Monday, 10 March 2014

Ukraine: beware of getting into something you can't finish

It's not often that you read a straight up-and-down, shout-out piece of wisdom. But this time that old head of power politics, Henry Kissinger (above), has managed it. Russia's recent take-over of the Crimea is a blatant act of aggrandisement and affrontery, as the 1970s Secretary of State who plotted a lot of President Nixon's moves in office knows - but what's the point of grandstanding about it? Far better to accept some of Russia's legitimate interests - all the better to seem reasonable with if Russia does go even further - while trying to talk that country down from any crazier grab at the eastern Ukraine. They're only digging themselves into a quagmire if they go further in any case, and shouting will do the people of Ukraine little good anyway.

Regular readers of 'Public Policy and the Past' will know that this blog is no fan of Kissinger's brand of chess-board diplomacy, in which men in suits push symbols around maps while real people get hurt - or killed. But this time he's onto something: partly because the United States and its allies are dealing with a rival in President Putin who sees the world in romantic statist terms, and partly because the USA and European Union are no innocent parties with messing in Ukrainian domestic politics anyway.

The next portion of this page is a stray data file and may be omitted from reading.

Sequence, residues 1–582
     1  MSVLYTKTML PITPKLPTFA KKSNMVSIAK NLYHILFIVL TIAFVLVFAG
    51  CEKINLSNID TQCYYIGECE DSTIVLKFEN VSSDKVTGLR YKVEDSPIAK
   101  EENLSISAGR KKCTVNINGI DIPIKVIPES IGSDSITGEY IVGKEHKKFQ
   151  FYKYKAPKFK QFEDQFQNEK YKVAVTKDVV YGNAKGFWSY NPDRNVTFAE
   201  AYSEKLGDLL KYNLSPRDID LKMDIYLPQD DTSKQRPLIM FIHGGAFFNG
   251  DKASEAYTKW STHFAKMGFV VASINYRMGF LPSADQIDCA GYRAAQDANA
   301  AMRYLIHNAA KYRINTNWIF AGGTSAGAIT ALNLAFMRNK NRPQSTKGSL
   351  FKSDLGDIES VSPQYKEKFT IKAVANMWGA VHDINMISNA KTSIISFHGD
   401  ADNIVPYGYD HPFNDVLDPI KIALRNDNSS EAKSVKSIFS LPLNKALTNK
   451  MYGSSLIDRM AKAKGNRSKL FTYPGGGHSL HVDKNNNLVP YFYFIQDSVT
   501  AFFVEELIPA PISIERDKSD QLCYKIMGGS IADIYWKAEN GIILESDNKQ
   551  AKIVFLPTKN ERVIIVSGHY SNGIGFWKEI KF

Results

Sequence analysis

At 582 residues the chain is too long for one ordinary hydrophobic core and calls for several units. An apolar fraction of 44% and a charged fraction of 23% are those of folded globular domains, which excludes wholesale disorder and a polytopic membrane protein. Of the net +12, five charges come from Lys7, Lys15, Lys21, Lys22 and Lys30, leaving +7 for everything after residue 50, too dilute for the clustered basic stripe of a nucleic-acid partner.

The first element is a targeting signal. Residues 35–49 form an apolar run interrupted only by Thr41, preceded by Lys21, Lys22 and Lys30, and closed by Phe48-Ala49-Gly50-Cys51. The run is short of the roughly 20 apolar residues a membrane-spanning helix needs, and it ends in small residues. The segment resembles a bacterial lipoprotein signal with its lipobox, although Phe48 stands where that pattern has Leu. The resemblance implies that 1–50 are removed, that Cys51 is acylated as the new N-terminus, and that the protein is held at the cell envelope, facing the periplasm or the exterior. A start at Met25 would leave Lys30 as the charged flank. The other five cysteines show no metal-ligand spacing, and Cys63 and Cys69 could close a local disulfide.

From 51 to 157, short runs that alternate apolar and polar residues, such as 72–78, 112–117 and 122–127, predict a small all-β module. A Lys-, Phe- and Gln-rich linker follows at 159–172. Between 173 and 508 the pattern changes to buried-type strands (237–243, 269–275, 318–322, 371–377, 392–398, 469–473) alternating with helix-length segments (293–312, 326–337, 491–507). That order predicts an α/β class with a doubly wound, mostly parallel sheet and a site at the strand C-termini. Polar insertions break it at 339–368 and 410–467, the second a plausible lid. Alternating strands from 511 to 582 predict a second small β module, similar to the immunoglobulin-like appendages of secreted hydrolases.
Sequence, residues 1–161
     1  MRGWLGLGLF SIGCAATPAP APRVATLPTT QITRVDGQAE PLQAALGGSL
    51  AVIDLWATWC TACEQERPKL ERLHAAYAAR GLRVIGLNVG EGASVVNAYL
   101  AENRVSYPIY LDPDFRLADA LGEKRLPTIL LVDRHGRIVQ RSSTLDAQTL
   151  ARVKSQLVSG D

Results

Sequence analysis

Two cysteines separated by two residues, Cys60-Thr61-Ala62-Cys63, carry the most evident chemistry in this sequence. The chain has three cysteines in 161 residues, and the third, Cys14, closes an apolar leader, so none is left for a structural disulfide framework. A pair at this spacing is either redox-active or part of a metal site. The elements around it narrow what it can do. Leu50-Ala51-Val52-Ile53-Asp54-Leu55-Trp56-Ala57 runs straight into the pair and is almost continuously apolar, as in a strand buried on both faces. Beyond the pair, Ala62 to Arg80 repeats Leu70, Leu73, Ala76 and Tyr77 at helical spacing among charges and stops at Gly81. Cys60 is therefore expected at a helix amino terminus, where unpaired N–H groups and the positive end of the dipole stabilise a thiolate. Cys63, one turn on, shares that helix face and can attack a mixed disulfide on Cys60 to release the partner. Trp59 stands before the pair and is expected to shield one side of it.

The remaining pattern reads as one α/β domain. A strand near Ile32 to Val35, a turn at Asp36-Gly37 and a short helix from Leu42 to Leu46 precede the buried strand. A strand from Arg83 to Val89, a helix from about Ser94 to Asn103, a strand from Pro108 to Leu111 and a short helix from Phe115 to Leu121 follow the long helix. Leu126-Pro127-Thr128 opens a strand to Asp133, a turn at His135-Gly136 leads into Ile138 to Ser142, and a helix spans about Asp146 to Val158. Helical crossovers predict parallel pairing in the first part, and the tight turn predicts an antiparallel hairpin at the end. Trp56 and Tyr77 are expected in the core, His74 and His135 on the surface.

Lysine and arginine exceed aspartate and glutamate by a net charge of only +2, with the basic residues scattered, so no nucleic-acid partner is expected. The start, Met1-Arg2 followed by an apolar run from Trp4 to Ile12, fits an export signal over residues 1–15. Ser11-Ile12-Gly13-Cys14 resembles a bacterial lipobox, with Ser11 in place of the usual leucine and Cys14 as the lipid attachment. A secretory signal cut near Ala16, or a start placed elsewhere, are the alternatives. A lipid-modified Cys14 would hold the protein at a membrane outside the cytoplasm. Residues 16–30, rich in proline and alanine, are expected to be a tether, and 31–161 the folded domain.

So Mr Kissinger's advice - Ukraine should be a bridge and a buffer zone, not a tank trap - is the best we've got right now. As we argued last week, Russia is actually self-harming on this one: hurting its own economy, losing friends, securing the hold of its enemies in Kiev, spewing chaos around its borders left, right and centre, spending what international capital it had, and generally showing what a lousy idea a bad neighbour policy really is.

The West's response may be incoherent, but that's a function of how little the Ukraine really matters to its vital interests. Here's a football analogy: Mr Putin is playing inside his own penalty area. He might clear the ball. But the balance of the game - if game it is - hasn't changed. We can accept that there are unpleasant elements among the new authorities in Ukraine; that Russia has historic interests that can't just be ignored; Russian speakers should be protected in that country; that her naval bases could be put on a more secure footing; that the region can never look to Brussels in quite the same way that (say) Prague and Budapest have come to. That might mean de facto sovereignty for the Crimea, and some cast-iron constitutional guarantees about Ukraine's minorities - as well as a pledge not to encourage a Ukrainian application to join NATO. Mr Putin may take all that and still use force. But would we really be that worse off? We would know, once and for all, exactly where we stand. Which would be in the mire, but still.

The best advice to both sides in this imbroglio is the same as the best message everyone can send to the Kremlin: think about what you're doing. Step back from the punch-up. Think about how dangerous this could become. And start to treat Ukraine like a nation, not a game of Twister.

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